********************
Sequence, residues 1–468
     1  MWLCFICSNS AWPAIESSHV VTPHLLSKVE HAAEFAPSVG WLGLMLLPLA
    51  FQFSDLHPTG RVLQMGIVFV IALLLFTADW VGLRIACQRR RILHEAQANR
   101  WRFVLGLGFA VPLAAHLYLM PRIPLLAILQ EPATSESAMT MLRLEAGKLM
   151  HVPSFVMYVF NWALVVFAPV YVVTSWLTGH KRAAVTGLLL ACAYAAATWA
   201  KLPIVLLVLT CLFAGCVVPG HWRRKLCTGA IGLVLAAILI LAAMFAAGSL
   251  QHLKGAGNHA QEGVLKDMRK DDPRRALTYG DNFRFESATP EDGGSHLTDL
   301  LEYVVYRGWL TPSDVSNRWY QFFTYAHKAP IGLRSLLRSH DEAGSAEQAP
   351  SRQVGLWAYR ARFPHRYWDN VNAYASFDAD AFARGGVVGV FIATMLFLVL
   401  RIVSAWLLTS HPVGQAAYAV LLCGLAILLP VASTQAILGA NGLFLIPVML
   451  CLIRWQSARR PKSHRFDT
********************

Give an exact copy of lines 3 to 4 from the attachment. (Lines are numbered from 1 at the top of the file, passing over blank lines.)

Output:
    51  FQFSDLHPTG RVLQMGIVFV IALLLFTADW VGLRIACQRR RILHEAQANR
   101  WRFVLGLGFA VPLAAHLYLM PRIPLLAILQ EPATSESAMT MLRLEAGKLM